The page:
95) Wild Flag - Wild Flag (Wichita)
This collaboration between Janet Weiss and Carrie Brownstein of Sleater Kinney and Mary Timony ended up being much greater than simply a Sleater Kinney album minus Corin Tucker. Anything powered by Janet Weiss’ irresistible snare drum thwack is always going to be an enjoyable listen - but Wild Flag distinguished themselves by adopting a poppier approach. Many of these songs are blisteringly exciting but also memorable and enduring.

94) Kuedo - Severant (Planet Mu)
Former Vex’d member Jamie Teasdale’s first album as Kuedo shares with Zomby’s Dedication a rather fuzzy sensibility - a series of auditory hallucinations perhaps, or vivid dreams, although it is not as boldly fragmentory as the Zomby album. Throughout, there’s a nostalgia for sci-fi visions of the future that never quite arrived, and Vangelis’ work, particularly for Blade Runner, appears to have been a major source of inspiration.

93) SBTRKT - SBTRKT (Young Turks)
Of all the albums to emerge from the post-dubstep landscape, this is actually one of the most conventional. This, however, turns out to be its refreshing virtue. Working with a range of guest vocalists, SBTRKT works as something close to a pop producer here, and the resulting work shows a great deal of respect for the song, as well as a drive for sonic experimentation. There is a clear sense of intention throughout and the results are immediate and soulful but not overly dazzling.

92) Meg Baird - Seasons On Earth (Wichita)
I had rather casually and unfairly dismissed Meg Baird and Espers because of their association with Devendra Banhart, a musician I’m afraid I’ve never been able to take entirely seriously. This has been a big mistake, for Seasons on Earth is one of the most honest and affecting folk albums in recent memory, one that continues to grow with every listen. Baird’s voice is understated but perfect for this style, and her songs are delicate but beautiful. She is also versatile here, moving from lightness to emphatic authority with apparent ease.

91) CANT - Dreams Come True (Warp)
This side project from Grizzly Bear’s Chris Taylor may lack the meticulous compositional design and rich harmonies of his parent band, but it more than compensates for that with other examples of musical invention. By simplifying the writing, Taylor is freer to experiment with sound design, instrumentation and texture, the results of which take him some way from Grizzly Bear’s modern folk-tinged psychedelia.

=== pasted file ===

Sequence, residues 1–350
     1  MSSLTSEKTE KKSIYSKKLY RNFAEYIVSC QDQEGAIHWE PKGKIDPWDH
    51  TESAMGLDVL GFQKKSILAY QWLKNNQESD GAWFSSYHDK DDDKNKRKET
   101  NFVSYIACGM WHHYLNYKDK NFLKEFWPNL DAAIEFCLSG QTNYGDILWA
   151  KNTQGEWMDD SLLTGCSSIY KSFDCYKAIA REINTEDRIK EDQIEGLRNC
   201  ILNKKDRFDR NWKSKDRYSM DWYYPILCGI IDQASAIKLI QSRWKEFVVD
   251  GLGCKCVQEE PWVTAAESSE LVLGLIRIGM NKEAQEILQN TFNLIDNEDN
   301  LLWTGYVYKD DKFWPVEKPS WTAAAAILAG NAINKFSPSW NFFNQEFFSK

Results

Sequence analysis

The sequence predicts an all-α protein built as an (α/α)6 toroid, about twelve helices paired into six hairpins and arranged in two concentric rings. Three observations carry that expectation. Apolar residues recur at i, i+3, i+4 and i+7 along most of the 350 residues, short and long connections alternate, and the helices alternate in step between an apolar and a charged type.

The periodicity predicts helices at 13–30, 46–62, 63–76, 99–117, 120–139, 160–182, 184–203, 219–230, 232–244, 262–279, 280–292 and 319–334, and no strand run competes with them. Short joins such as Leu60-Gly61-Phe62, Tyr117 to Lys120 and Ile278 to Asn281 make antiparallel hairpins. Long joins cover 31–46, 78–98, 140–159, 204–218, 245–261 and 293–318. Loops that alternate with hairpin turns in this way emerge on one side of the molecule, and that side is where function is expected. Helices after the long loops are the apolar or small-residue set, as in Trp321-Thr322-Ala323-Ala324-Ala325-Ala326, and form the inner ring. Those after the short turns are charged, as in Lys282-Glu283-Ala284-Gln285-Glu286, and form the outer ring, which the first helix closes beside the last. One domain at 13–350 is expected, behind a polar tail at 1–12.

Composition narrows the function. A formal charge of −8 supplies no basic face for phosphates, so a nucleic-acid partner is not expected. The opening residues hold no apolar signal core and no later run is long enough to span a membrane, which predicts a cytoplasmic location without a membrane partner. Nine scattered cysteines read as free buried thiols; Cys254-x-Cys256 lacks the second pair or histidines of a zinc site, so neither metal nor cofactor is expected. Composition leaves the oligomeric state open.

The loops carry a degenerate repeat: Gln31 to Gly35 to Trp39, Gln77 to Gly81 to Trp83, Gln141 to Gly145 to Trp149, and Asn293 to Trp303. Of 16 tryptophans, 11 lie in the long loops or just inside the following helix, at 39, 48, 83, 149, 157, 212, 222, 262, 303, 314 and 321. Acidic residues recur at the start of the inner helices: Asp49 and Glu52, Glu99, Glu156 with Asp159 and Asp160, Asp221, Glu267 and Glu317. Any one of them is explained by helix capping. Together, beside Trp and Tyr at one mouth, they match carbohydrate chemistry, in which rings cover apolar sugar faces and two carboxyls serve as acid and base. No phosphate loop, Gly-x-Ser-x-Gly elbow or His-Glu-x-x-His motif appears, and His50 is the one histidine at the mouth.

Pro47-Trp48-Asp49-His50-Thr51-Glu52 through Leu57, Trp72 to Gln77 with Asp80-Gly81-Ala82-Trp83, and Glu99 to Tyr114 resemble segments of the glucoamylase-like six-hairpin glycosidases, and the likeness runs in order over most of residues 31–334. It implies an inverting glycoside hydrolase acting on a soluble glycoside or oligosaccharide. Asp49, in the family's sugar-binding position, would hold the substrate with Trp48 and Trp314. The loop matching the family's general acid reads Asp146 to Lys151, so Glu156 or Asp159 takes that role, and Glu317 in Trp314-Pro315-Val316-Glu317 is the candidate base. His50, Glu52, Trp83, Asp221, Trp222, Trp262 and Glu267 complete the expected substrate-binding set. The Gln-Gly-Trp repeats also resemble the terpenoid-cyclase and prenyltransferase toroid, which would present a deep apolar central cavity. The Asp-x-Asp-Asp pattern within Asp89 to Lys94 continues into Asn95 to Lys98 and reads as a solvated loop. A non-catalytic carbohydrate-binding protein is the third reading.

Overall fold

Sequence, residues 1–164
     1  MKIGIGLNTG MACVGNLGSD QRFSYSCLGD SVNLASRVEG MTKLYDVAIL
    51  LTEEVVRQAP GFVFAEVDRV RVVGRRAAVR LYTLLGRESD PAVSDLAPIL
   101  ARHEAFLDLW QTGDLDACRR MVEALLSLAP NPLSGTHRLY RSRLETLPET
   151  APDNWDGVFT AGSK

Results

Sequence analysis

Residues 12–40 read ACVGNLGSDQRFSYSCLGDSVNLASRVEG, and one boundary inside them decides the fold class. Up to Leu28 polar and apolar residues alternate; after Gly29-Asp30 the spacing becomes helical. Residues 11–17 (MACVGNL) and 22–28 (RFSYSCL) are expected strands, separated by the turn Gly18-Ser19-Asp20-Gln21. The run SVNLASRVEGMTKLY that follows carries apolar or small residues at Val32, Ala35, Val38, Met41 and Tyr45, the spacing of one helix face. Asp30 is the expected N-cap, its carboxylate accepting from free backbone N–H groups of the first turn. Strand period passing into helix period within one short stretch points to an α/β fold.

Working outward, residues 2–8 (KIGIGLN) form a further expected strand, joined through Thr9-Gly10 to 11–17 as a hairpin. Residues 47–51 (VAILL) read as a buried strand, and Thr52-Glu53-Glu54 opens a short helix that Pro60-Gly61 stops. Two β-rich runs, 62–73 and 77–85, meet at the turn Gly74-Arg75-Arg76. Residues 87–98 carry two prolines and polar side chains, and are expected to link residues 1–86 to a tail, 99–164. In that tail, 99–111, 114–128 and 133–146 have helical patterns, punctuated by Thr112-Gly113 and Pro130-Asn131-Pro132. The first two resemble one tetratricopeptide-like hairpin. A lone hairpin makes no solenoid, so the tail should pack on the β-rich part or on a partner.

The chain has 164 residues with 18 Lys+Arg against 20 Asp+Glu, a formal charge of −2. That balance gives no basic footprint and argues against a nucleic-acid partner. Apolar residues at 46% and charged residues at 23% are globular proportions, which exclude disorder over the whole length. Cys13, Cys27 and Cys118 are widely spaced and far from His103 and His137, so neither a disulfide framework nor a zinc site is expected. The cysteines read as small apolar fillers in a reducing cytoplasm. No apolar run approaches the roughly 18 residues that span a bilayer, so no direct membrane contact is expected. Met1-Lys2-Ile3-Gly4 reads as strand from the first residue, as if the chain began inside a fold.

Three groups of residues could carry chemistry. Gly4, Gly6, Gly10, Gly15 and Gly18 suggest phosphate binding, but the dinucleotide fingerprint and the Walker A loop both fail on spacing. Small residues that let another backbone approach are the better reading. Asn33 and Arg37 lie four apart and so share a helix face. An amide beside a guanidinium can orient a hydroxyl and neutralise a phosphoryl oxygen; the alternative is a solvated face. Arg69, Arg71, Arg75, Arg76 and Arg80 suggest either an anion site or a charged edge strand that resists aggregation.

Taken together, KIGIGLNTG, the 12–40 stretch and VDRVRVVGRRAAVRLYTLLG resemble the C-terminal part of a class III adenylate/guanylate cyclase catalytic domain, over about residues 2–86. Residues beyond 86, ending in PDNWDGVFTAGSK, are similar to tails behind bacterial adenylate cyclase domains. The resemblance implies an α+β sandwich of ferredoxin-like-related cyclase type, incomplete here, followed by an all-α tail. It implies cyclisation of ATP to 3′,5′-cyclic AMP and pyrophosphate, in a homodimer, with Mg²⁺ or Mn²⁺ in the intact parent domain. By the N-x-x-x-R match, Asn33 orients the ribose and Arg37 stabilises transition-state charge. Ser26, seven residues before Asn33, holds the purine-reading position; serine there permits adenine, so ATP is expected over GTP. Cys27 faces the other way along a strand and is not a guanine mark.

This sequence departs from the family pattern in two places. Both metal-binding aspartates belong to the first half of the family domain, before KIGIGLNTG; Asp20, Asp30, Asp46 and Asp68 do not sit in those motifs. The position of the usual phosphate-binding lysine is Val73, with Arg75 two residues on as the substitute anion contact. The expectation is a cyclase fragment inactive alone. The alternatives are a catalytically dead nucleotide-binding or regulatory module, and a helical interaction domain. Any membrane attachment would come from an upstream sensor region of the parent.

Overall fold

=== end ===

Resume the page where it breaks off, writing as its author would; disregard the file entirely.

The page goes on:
90) Africa Hitech - 93 Million MIles (Warp)
Why has this one slipped through unnoticed? This collaboration between Mark Pritchard and Steve Spacek takes slices of post-dubstep and footwork and reworks them through the prism of sleek soul. There’s a really great spirit of exploration here - finding the connections between various examples of human rhythmic experience and electronic production techniques.

89) Cass McCombs - Wit’s End/Humor Risk (Domino)
Cass McCombs has been remarkably prolific and I’d rather lost touch with his output after A, a debut I felt showed some unrealised potential. His music has become considerably less ragged since then. Indeed, County Line from Wit’s End is essentially a soft rock ballad (but an utterly brilliant one) and the production on Humor Risk is crisp and clear. McCombs is still a minimalist at heart - his songs often have little in the way of structure, preferring to repeat phrases and lines until they become very well ingrained in the memory. These two albums together do feel like his strongest burst of creativity yet but, like Ryan Adams, he may need an editor.

88) Oneohtrix Point Never - Replica
Ford & Lopatin - Channel Pressure (Software)

Increasingly one of the most discussed and influential musicians at work today, Daniel Lopatin’s journey towards the critical and perhaps even commercial mainstream has been somewhat remarkable. Replica and Channel Pressure saw him journey yet further from the Tangerine Dream-esque dronescapes that made his name, incorporating sound effects, TV advertisement samples and rhythmic trickery, all in the service of his ingenious play on reconstruction, memory and recall. The retro stylings of Channel Pressure ought by rights to be horrifying - yet they are somehow completely irresistible. Any album with a song title like Too Much MIDI (Please Forgive Me) must revel in its own irony and gleeful subversion and Channel Pressure does exactly that.